There’s definitely something Zelig about the book because like Woody Allen’s mockumentary character, Tom is there whenever anything of note happens to Pancho or the people around him. It is he, for example, who has to load Rodolfo Fierro’s pistols when El Carnicero took such pleasure in murdering captured federal troops in the corral at Torreon, and of course he is also present when in October 1916 Fierro sinks into that quicksand. He meets Patton and Pershing and also Von Papen. Irving has no qualms about altering history, however. Mix saves Fierro from death by quicksand, and himself kills Fierro later. In Irving’s account, Villa himself did not attack Columbus in March 1916. It is true that Villa always denied it, and several authorities have questioned it.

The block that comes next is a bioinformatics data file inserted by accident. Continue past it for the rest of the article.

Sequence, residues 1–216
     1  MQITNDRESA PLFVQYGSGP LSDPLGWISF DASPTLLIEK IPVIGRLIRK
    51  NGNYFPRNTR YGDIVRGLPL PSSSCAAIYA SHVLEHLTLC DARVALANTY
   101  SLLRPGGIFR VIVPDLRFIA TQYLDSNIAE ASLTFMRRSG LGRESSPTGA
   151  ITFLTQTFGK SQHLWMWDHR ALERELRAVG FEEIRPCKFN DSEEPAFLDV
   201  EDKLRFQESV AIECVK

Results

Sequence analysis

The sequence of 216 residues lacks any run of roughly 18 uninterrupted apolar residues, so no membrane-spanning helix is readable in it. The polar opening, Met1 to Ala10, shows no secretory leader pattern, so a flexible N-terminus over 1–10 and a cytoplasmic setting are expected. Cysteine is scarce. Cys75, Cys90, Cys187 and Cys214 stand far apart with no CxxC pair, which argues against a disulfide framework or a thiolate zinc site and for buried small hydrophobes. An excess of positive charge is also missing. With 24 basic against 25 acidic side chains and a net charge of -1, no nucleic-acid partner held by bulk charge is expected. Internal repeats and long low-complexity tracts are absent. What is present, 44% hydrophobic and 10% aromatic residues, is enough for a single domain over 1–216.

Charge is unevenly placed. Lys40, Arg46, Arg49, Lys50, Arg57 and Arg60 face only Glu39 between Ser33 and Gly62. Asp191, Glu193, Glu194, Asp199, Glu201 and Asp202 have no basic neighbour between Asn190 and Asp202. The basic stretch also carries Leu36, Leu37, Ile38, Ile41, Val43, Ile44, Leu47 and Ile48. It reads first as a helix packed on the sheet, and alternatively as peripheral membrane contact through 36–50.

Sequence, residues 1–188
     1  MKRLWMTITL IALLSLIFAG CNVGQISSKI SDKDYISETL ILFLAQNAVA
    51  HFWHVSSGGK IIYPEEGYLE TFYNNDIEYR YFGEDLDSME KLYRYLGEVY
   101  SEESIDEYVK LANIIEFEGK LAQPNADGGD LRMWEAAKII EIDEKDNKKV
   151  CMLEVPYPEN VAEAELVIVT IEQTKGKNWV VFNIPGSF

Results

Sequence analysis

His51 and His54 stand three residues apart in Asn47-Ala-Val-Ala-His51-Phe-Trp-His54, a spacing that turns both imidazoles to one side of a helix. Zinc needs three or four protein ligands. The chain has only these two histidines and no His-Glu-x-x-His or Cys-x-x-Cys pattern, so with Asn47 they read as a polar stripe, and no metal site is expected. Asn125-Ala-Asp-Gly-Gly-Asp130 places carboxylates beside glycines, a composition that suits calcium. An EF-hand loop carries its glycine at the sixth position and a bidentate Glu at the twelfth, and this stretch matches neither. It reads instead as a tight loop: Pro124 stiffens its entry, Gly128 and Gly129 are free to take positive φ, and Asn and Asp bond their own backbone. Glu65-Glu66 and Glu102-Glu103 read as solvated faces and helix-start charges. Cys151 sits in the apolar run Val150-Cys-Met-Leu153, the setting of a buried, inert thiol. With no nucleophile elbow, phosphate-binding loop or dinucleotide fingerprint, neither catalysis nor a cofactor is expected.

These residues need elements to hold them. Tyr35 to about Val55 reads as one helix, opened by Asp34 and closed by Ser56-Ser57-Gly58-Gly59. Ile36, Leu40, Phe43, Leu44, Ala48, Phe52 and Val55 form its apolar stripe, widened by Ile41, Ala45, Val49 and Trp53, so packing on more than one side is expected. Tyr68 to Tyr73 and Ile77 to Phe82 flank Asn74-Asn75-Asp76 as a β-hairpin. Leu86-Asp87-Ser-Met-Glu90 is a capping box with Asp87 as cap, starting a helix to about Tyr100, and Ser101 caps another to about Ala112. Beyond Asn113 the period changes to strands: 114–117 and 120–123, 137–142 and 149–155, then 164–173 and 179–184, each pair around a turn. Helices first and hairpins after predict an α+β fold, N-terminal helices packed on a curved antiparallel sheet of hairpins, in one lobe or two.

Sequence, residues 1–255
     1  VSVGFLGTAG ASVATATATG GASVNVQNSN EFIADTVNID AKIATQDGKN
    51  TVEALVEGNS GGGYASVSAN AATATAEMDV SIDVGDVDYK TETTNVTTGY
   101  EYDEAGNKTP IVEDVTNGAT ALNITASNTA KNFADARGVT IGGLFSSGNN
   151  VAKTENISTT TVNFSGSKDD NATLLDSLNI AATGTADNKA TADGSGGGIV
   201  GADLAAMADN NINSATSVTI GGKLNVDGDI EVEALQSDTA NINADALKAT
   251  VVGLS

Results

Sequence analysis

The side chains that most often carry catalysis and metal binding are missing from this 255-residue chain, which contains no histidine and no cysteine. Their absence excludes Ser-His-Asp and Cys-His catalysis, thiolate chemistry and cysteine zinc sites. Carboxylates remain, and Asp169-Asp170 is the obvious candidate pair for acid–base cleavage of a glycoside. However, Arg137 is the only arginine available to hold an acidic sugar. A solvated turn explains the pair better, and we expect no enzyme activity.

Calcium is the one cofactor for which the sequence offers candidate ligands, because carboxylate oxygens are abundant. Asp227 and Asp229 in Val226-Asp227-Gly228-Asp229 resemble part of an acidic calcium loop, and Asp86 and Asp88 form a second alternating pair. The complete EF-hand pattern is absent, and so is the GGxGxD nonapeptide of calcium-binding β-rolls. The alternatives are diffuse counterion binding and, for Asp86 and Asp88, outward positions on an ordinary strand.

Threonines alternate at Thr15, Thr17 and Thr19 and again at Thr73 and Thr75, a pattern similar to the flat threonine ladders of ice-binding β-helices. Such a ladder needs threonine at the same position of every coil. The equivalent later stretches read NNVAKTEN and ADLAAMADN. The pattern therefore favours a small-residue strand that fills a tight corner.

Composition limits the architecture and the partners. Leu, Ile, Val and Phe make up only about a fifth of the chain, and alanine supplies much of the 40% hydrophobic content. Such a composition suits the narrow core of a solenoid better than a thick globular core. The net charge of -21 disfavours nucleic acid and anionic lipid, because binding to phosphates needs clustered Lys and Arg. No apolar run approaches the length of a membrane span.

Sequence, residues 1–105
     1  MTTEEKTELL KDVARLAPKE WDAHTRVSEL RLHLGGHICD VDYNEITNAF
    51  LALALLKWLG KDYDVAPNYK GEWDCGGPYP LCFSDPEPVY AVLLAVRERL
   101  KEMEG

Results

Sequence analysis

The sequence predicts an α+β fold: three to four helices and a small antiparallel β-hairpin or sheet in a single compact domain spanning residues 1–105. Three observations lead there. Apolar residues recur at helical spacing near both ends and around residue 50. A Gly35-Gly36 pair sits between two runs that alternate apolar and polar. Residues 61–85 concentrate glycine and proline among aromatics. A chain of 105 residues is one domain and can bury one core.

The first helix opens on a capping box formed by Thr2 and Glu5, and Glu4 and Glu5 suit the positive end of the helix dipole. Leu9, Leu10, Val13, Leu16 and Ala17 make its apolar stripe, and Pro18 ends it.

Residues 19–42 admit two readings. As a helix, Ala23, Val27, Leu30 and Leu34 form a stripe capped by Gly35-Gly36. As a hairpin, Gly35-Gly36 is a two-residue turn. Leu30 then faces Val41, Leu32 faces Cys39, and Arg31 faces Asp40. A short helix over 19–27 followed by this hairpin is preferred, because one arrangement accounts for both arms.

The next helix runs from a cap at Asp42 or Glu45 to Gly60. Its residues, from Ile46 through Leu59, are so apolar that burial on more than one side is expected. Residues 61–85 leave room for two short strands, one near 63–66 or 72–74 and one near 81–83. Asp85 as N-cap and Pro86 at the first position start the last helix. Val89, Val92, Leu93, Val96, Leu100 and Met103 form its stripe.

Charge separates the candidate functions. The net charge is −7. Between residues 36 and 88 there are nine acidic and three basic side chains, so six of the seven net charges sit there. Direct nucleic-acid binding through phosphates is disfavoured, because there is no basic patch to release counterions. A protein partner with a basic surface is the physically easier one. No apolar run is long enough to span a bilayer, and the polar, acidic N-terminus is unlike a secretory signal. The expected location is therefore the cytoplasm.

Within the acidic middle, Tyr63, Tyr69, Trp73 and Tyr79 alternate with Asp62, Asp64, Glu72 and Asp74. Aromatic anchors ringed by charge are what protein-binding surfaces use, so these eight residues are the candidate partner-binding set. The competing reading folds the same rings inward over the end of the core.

There is always a temptation for a novelist who mixes real historical characters with a fictional hero (for Irving’s Mix is essentially that) to fall into the Zelig trap. I’ve done it myself.
Irving’s Mix falls for three women, the fictional Hannah, who is the beautiful daughter of a Jewish merchant in El Paso, the equally made-up Rosa, a very youthful camp follower, and in Parral the factual Elisa Griensen (1888 – 1972).
Actually, Irving’s descriptions of the serial lovemaking with these beauties were a bit too graphic for my tastes and I could have done without them, in the same way that I much prefer a suggestive fade-out in a movie to explicit sex scenes. But there we are.
Irving’s Mix rises to become a colonel in the Villista forces and a close friend of Pancho.
Irving writes in an author’s note, “This is a historical fantasy, although I prefer the word romance.” He claims: “For the most part I have tried to be faithful to the facts of the Mexican Revolution and Pancho Villa’s life.”
True or not, and I fear largely not, it all does make an interesting and enjoyable read, I must say, and the Pancho Villa who emerges from the story is indeed a fascinating figure.
All in all, though, in my view James Carlos Blake’s 1996 novel The Friends of Pancho Villa (also reviewed) does in the end make a better book.